6. Movie Nights
Choose three movies and take an anonymous vote for which one to watch. The most popular one can be shown at the office for a monthly movie night. Make sure to bring the microwave popcorn, and always let volunteers know in advance: scary movie junkies may like The Purge, but that doesn’t mean certain people won’t want to hide under the blankets the entire time. If shelter in place orders are still in place, host a movie night via Zoom, where you can all watch together online. Try using GAZE, Netflix Party, or Metastream. Creating a comfortable and informal environment for your volunteers will also encourage them to volunteer more and they will continue to offer their support as they feel welcome and rewarded for their time.
On a Yearly Basis
7. Awards Ceremony
Here’s the best part about an awards ceremony – it doesn’t have to be a competition. Rather, create superlatives for all volunteers and award them individually based on their role within the organization. You’ll be the cool nonprofit that pays attention to each volunteer’s strengths, which in turn makes volunteers feel that their efforts are valued. Consider awarding past volunteers as well–the recognition may convince them to come back and volunteer again. And keep in mind: happy volunteers = consistent volunteers.
8. Group Outings
Is there a minor league baseball team near you? What about the concert? Scour (affordable) events nearby and splurge a little bit on a group outing. It’s a way to form camaraderie between volunteers, and it also gives them access to you and your employees. It fosters and encourages connection, and they won’t see you as an unapproachable or distant volunteer supervisor. Consider taking a poll of what employees most enjoy doing, and then make a list of different outings based on the responses.
9. Holiday Highlights
You most likely already send out a holiday card/newsletter to donors, those whom you have helped through the nonprofit, and fellow staff and volunteers. For your next holiday reach-out, include a picture of volunteers together. If you don’t have any photos of everyone together in one place, create a collage of action shots from preparation to execution of events. A nonprofit can’t run without its volunteers—demonstrate that to all who support you.
10. Picture Book
Make sure you keep a camera around during events and the office because a picture book is a perfect way to commemorate your nonprofit’s successes over the course of a year. Feature pictures of volunteers in-office, at events, and at outings—they will get to see what you and the team have accomplished in only 365 days. In the COVID-19 era, ask volunteers to take selfies of their activities and to share them with you for posting.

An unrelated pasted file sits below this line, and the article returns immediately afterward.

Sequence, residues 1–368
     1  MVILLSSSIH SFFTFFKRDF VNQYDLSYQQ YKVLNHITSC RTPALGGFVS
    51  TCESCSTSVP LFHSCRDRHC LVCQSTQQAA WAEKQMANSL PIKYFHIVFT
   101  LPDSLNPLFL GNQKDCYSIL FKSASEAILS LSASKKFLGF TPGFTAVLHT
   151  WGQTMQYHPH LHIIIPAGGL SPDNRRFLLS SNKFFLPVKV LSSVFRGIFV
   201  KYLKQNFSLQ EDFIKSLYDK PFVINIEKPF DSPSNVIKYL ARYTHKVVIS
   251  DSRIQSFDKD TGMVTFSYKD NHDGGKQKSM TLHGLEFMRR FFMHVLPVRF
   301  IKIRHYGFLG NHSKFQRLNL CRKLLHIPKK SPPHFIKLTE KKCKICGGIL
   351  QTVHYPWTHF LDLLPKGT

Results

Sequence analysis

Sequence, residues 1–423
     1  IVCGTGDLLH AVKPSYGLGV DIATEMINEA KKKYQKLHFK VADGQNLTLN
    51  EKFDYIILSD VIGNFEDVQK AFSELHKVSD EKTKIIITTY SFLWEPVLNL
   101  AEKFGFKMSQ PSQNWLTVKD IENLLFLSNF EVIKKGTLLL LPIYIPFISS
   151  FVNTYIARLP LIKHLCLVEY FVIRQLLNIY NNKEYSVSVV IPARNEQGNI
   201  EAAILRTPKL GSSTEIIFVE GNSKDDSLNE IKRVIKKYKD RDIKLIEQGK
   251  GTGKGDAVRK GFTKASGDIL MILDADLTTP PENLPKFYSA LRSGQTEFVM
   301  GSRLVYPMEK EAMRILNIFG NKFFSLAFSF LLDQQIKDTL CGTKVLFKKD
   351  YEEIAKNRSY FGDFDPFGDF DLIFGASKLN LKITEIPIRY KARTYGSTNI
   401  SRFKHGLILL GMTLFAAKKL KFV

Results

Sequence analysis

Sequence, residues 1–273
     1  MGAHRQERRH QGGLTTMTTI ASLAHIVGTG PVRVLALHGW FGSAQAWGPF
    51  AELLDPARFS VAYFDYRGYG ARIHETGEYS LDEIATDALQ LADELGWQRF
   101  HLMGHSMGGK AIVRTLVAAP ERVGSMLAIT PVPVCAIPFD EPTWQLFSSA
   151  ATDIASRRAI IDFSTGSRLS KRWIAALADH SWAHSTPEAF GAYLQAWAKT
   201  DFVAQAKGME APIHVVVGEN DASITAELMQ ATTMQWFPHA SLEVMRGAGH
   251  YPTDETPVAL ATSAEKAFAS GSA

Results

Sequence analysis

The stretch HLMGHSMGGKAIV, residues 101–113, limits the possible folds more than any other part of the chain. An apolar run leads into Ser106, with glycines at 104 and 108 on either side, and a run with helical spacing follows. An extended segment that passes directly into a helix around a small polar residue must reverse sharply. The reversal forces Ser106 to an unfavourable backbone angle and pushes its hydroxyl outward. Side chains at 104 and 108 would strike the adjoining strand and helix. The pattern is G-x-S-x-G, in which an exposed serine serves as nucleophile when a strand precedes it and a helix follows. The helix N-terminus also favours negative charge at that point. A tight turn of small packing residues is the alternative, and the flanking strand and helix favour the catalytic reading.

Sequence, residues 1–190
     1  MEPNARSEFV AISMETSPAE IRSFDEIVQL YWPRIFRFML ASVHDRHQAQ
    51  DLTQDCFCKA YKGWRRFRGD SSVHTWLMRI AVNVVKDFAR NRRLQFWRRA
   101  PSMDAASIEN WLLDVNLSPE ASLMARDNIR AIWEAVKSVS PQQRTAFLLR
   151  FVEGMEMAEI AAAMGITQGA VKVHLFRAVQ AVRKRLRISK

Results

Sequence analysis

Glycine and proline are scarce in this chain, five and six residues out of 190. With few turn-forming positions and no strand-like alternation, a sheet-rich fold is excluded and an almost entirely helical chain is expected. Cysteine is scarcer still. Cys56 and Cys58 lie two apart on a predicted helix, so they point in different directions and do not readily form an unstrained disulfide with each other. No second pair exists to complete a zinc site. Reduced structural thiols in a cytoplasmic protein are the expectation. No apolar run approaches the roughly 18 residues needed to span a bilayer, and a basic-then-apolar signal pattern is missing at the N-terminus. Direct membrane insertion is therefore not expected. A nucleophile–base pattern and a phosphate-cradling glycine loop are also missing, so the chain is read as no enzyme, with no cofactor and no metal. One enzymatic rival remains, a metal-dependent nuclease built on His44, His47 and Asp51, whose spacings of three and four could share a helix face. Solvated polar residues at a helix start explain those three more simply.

11. Transportation Stipend
Transportation stipends are perfect for volunteers who travel for your events. Consider paying for bus fares or a portion of gas to help them travel to the destination. These volunteers are coming without pay—take care of them in this way to encourage them to continue helping out. These will be even more effective for events that are further away from your headquarters.
12. Happy Hours
Everyone needs a break, so once shelter in place requirements are removed, consider hosting happy hours at local restaurants. Everyone likes to let loose following a large event, so book a reservation (or room) to lift everyone’s spirits. Bonus: carpooling to these gatherings can help to foster connections between friends and familiar faces, while also encouraging volunteers to get to know others they may not have crossed paths with.
13. Snacks at Morning Events
Early morning? Save the sleepy by bringing coffee and pastries. For those rushing out the door or traveling for a long period of time, the sight of baked goods and caffeine will be a dream. Bring extra snacks to boost blood sugars throughout the day, but really, don’t skimp out on breakfast—it’s the most important meal of the day, after all.
14. Thank You Letters
Emails, phone calls, and verbal “thanks” are all common. And while it may be easier to copy and paste into an email, handwritten notes are a simple way to go the extra mile. If you have tens or hundreds of volunteers, even a handwritten signature with their name has a greater effect on volunteers.
15. Write Letters of Recommendation
Letters of recommendation don’t need to be long and tedious, but they can be extremely helpful for volunteers looking to find a job. Highlight their strengths, accomplishments, and any anecdotes that emphasize their abilities. Many companies look for those who work as volunteers for other nonprofits.
16. Honor the Years
Have you had a volunteer working for you for years? Honor their commitment. A card with signatures from every employee acknowledging their hard work, a gift card to a favorite restaurant, or a small present relevant to a part of your company is a perfect way of expressing your gratitude for their dedication.